The cover of this new and very talked about novel does nothing to reveal the horrific content. There should be a blurb saying open with caution. If you choose to read it, you need to know what you’re in for. You are in for violence like you may never have encountered before. You are going to be very uncomfortable. You’ll experience mental, physical and sexual abuse. And incest. Yes. All that. And more. Did I mention the anguish of dying animals? Don’t want to miss that.
So, why on God’s earth would I choose to read this book?To tell the truth, I did not want to. But the cover has graced a lot of publications that are well-respected. And the reviews have been raving of this new author. Respected newspapers from England to San Francisco have written glowing reviews. And then I discovered a respected friend was reading it. So we decided I would finish the book and we would get together to talk about it. And that is the only reason I got to the last page. Still, I may have to hurt her.
I almost don’t know what to say. I respect the author’s writing. The story is compelling. But so much is included in this novel that simply did not need to be. The lush prose that is being lauded from coast to coast is too much. Not all, but much.
Julia is 14- years-old. She’s living alone with her father in Mendacino, California on a large stretch of land near the luscious coast. Her mom drowned and disappeared mysteriously some years ago. Her dad’s dad lives nearby. They call Julia Turtle. But her dad mostly refers to her as Kibble. I don’t know why. She seems almost feral. Each morning Turtle makes her way to the fridge and throws down raw eggs straight from the carton. Then she tosses dad a beer. That’s how they start their day. He walks her to the school bus every day even though she reminds him he does not have to. In school, Turtle believes she’s stupid. The names she calls herself are degrading and filthy. And we find that she’s learned this manner of speaking and thought from dear old dad. Slut, whore, bitch, c$%%^^. Yes, isn’t this just super.
The abuse begins immediately. I could easily have put the book down after the first chapter. That’s how disturbed I felt. But I decided that I must be the only person who could not see the redeeming quality of the story. Then I began paying close attention to the prose. The descriptions of the flora and fauna went on and on. I could see potential here, but it was mostly over the top.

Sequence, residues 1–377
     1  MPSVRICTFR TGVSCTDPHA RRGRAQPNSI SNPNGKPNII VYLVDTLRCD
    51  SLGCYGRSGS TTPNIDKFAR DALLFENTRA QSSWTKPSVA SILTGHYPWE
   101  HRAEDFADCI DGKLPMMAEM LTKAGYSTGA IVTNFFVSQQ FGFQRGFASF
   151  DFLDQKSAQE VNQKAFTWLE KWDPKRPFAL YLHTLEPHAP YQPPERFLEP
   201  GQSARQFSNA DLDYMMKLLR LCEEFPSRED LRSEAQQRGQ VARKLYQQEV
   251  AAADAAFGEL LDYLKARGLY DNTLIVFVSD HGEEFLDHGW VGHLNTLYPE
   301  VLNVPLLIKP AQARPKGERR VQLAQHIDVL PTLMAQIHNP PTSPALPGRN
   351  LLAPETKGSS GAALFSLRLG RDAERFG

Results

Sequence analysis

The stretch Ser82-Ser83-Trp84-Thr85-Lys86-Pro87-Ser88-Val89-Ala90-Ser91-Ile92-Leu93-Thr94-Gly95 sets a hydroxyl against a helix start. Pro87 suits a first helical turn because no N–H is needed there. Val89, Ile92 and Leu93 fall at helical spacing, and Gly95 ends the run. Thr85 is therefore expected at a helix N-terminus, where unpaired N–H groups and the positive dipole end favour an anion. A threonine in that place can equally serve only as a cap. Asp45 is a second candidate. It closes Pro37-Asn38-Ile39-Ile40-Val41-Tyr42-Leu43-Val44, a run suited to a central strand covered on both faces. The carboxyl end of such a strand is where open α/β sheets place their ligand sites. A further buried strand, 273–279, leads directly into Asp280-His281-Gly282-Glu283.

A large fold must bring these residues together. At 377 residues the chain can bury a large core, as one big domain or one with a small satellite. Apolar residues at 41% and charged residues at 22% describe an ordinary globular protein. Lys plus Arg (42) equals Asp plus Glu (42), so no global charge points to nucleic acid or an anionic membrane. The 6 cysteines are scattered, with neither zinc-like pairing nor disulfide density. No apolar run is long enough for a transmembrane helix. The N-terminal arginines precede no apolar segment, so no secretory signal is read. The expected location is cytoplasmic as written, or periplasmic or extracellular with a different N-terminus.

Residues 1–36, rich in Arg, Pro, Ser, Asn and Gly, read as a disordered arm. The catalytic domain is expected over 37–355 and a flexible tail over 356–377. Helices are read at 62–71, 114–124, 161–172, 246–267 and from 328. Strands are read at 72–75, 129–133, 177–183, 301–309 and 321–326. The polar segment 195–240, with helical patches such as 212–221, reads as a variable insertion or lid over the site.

Okay, I have a problem with a man writing in the voice of a 14- year-old girl who is being abused by her father. It’s not a love affair. It’s abuse. It’s about a tortured soul. It’s child abuse. Some of the descriptions are not what a girl would think or say. That’s my humble opinion. But I feel it in my gut.
When Turtle becomes friends with two boys from her school I can feel the tide turning. I am fearful for these two normal boys who are truly good people. Didn’t expect to find this in this story. Turtle finally sees what the real world is like. Everyone does not live like she does. And so, she begins to prepare for her escape.
I guess you could rename this book Survival because it sure is about that. Or you could call it Revenge. I just read a wonderful novel that comes out in February about abuse. And it is also about revenge. Novels about abuse can be done without horrific content.
The author lives in Utah. He has been writing this novel for over eight years. You can tell he knows the area of Mendocino and the coast.
That’s where he grew up. He’s most at home outside and he has extensive knowledge of the wilderness and this shines through. He’s currently working on his next novel.
Guns, slaughter, self-hate. I dare you to read this novel. I would like to hear your thoughts. You may never feel the same.
I borrowed this book from the library. Read it in two days. Is published by Riverhead Books.